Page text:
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» Build a Stone Wall

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Why build a wall? It could be for a boundary, for a border, to hold back a slope on your property or to add some structure or texture to the garden.

It could even be to house the garden itself, such as in the case of a flowering wall. Whatever the reason, a different approach is going to be needed for each of them.

Dry stone, or mortarless walls are the most popular variety and are not at all difficult to build. All you really need is stone, a chisel, time, and a good strong back. ( not to mention the massage you are going to need at the end of the day)

A dry stone wall will take about 300 pounds of stone for ever 2.5 cubic feet of wall surface, so plan on moving a great deal of rock before you start.

Using flat, somewhat angular stone will help you to be able to do the job more easily, and keep some small wedges around to fill cracks and assure stability of the wall and make sure to lay some “tie” stones, whcih are long stones that are laid perpendicular to the length of the wall.

Shaping your stone is not all that difficult. You will need a stone chisel and a sledge, score it first and then lay it on a support
and tap it until the excess breaks off as in the pictures at the right.

Make sure that you wear goggles when you do this. I tend to be somewhat lax about wearing those but with this project the stones fly literally several feet.

To figure your width, which will help you to find the correct placement of your wall, you will want to figure that it needs to be about a third of its height in thickness, to assure stability. for instance a wall that will be three feet tall, should be about a foot thick.

Set your wall on a gravel foundation that is at least a foot wider than you plan to build the wall and extend the gravel at least six inches into the ground. Eight inches is better.

Set each stone of a top course so that it covers the space between two stones below it. In other words the stones will be staggered so that where two meet on a lower row, there will be one in the center of that above it.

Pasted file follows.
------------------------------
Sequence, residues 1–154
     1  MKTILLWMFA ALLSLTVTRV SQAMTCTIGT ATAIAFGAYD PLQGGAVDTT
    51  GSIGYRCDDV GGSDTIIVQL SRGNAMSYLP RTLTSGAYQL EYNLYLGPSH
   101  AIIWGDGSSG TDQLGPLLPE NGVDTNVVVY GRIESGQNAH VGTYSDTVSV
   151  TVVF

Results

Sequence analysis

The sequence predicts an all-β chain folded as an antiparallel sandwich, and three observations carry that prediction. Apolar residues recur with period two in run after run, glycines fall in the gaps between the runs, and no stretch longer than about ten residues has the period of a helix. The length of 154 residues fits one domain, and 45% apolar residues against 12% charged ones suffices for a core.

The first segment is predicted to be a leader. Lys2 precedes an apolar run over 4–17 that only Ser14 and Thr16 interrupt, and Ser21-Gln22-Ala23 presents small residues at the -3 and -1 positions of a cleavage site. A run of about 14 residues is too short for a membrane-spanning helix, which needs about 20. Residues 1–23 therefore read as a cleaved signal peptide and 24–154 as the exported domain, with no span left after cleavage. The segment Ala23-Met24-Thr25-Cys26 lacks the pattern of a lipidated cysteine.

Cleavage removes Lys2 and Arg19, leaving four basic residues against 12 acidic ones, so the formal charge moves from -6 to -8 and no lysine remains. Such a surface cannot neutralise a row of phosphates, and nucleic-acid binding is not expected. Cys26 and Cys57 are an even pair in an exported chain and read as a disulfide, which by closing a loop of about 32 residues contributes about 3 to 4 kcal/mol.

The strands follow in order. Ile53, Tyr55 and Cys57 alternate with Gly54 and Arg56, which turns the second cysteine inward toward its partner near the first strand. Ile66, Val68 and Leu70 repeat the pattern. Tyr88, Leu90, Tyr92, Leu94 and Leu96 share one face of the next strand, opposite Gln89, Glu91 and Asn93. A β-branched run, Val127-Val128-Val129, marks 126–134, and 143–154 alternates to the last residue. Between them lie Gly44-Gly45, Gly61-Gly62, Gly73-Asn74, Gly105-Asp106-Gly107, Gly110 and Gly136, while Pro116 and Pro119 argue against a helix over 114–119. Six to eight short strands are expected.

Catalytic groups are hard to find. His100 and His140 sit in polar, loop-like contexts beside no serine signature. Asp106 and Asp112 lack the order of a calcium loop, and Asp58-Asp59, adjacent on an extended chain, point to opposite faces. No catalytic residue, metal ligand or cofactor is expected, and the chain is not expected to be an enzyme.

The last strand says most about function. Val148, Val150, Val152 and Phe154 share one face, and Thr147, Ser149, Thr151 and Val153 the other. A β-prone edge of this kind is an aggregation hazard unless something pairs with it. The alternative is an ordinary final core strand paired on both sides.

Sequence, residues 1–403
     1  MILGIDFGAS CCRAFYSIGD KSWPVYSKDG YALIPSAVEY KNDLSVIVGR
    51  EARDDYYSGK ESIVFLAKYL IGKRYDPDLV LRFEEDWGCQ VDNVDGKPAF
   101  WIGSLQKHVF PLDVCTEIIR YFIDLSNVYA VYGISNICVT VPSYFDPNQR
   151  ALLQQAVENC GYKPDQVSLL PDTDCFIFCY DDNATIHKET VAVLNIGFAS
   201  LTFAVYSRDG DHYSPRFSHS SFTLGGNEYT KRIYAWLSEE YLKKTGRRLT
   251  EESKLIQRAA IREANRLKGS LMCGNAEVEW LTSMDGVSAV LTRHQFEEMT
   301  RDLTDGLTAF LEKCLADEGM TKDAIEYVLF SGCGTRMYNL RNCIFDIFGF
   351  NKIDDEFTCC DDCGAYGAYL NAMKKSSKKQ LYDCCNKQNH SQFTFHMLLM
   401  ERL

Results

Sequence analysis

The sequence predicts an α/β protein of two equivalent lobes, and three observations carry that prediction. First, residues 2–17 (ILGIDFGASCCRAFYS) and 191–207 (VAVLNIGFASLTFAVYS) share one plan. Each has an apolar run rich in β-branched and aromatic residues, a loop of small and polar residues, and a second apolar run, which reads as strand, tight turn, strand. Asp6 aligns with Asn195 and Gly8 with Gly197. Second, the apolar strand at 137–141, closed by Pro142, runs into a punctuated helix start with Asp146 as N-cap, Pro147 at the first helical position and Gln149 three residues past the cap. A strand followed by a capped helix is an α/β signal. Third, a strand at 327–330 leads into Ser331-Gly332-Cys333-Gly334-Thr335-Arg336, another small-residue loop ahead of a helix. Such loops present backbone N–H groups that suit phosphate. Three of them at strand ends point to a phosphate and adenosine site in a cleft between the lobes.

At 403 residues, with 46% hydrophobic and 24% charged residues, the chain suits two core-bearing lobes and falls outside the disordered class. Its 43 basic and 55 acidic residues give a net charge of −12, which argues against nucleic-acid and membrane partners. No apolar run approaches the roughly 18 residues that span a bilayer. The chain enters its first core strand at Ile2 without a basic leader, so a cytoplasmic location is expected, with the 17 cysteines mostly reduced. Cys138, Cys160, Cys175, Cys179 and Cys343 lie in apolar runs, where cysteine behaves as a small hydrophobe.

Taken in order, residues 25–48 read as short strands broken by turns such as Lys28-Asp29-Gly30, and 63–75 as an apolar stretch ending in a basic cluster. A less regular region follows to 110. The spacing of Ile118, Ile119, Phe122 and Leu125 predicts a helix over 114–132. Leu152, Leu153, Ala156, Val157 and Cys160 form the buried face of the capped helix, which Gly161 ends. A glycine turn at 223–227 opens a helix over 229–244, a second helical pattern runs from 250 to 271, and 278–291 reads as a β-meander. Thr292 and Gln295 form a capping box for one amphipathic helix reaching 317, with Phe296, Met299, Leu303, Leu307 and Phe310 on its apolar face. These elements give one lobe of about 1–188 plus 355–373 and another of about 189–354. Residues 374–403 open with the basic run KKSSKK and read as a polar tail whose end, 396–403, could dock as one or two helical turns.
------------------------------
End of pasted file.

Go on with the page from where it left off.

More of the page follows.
You can use a line, or cord strung out between two stakes to make sure that you keep your course straight, and check it frequently with a level. Raise the cord every time you begin another row, or course, so that your fence is not higher on one end than it is at the other.

If the reason for your wall is to be used as a retaining wall, it will need to be placed with a slightly backward sloping positioning, so that it can handle the pressure from the earth behind it. This is called a batter and needs to slant about an inch backward for every one foot in height that the fence has. You can check to make sure that you have the right angle of slant by using a plumb, or a plumb bob, and a wooden batter frame, such as is pictured here below.

While you are building your wall, if you should desire to make it a walled garden, and many people build the wall specifically for use as a wall/garden, you can plan ahead for that as well by starting from scratch, so to speak, or in this case, from seed.

Enclose a seed inside a small ball of very moist soil and plant it in the wall as you move up each course. You can do this multiple times, so that flowers or greenery begin to grow within just a few weeks of the wall being set. The roots taking hold in the soil between the rocks will have the added benefit of helping to hold the wall as well.

The face and the top of a dry stone wall are the perfect place to grow trailing plants such as phlox and sweat peas, which flow downward over the wall in a graceful manner and make a lovely welcome for your guests.

Once you’ve packed your soil and seed into the wall, when you have moved upward a couple courses, pack more soil into the wall around the seeds if you can. Keep these areas moist every other day or so by spritzing where you placed the seed balls with a water bottle until the seeds germinate and the roots take hold in the wall.

If you want your wall to have the mossy weathered look that is popular in rustic landscapes, one sure trick to accomplish that is to chop some moss and mix it with buttermilk to which you have added two tablespoons of corn syrup. This will encourage the moss to take hold and grow on your wall and within just a short two or three months, your wall will appear to be half a century old.


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